Look for Leprechauns Instead of Legal Advice: Drive Sober this St. Patrick’s Day

It’s no surprise that the number of DWI’s and alcohol related crashes increases during the St. Patrick’s day weekend. If you are caught drinking and driving, the luck of the Irish won’t be much help, but advice from an attorney could be invaluable.

  1.  Always have your driver’s license, registration, and Proof of Insurance in a location where you can easily locate them. Police Officers will take notice if you fumble around looking for these items. In the eyes of the Police Officer, fumbling can be used against you as a sign of impairment.
  2. Be polite and cooperative. However, please remember, you have absolutely no obligation to provide any information to the police officer except for the items listed above. In fact, it always better to not answer questions about how many drinks you may have had and where you are coming from/going to. (You are free to exercise your right to remain silent.)
  3. If the police officer requests that you get out of your vehicle to do some Field Sobriety Tests, you may refuse to do so. These tests can include reciting the alphabet backwards, and walking in a straight line. Whether or not it is a good idea to take these tests depends on the situation. If you are not impaired, full cooperation is the quickest way to be sent on your way. However, if you are impaired (or fear you might be), your cooperation can provide incriminating evidence that could be used against you at trial.
  4. If the Police Office requests that you take a Preliminary Breath Test, commonly referred to as “PBT”,  at the initial traffic stop you may refuse to do so. Putting in breath mints, chewing gum, or drinking coffee will not help if you have been drinking. If the PBT indicates that your Blood Alcohol Content “BAC” is above the legal limit (.08 in MN and most other states), you will likely be arrested for Driving While Impaired or Intoxicated. (“DWI”).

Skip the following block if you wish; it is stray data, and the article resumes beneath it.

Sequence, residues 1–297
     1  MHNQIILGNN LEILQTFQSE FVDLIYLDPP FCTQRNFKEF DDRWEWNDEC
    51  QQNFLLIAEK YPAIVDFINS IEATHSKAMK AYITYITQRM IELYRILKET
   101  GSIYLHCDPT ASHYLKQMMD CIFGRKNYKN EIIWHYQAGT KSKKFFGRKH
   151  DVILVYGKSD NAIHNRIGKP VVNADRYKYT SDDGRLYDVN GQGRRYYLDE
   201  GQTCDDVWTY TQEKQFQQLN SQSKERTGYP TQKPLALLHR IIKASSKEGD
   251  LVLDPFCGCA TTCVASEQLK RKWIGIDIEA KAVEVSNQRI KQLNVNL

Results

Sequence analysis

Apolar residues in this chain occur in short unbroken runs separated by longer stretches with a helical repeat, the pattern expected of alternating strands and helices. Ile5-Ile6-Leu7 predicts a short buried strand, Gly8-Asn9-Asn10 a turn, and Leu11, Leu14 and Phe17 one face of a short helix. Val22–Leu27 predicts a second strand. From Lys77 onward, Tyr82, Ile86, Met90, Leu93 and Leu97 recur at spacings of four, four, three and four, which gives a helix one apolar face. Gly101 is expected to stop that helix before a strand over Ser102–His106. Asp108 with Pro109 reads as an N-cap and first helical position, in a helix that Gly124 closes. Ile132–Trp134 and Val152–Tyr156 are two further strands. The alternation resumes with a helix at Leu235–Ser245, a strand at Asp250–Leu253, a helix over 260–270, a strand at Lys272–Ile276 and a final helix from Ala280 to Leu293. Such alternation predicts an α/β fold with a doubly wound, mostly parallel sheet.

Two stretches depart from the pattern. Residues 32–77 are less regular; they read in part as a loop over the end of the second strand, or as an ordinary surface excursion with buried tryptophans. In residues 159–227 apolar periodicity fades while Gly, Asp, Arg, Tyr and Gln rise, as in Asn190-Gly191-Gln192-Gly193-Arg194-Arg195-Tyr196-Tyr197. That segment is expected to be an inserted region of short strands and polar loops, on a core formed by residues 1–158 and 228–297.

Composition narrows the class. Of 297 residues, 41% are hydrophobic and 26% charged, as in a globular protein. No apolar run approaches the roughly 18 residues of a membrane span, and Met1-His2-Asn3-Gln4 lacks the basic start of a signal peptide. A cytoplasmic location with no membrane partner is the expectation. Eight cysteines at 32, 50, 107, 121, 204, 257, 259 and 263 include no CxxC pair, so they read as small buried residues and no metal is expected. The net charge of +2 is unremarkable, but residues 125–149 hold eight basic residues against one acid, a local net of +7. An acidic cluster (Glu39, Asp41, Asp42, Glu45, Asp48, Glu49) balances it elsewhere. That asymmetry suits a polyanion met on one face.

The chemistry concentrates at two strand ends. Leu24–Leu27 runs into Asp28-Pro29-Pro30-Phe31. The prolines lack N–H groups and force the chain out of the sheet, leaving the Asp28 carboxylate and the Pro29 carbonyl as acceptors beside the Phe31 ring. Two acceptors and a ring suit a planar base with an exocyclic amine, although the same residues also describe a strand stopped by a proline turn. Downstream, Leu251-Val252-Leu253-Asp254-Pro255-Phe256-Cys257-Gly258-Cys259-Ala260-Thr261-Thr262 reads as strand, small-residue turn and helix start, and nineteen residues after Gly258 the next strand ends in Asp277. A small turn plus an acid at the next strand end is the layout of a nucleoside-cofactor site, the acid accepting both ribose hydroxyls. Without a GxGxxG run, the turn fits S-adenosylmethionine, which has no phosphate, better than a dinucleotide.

5. If you are arrested for DWI in Minnesota (this applies to most other states as well, but always be aware of the laws in your specific location), Police Officers have an obligation to inform you of the Implied Consent Advisory. An Implied Consent Advisory will inform you that the law requires you to take the test to determine your BAC, even if you already took the PBT on the side of the road. When the Police Officer informs you to take a breath test at the station, you must do so. It is never in your best interest to refuse to take a test at this point, doing so will most likely result in more serious criminal penalties, longer license revocation, and mandatory ignition interlock. (Which comes at an extra cost to you!)
  6. Before taking the test, you have a right to consult with an attorney. In fact, Police Officers must supply you with a phone book in order to ease your search to contact an attorney. However, it is always best to have an experienced Criminal Defense team at the ready, like WFJ, through LegalShield or other methods, as a contact in your cell phone to call case of an  emergency.
  7. Regardless of the outcome, use the experience as a lesson. Consider alternative transportation options for future events, such as designated drivers, rideshare services, or public transportation. Planning ahead can prevent similar situations in the future.


While the goal is always to celebrate responsibly, life is unpredictable, and mistakes can happen. But DWI charges are complicated-they can result in serious jail time, fines, loss of license, forfeiture of your vehicle, and a criminal record. You should always seek competent legal advice as soon as possible. If you find yourself in this position, contact Wagner, Falconer & Judd for a consultation.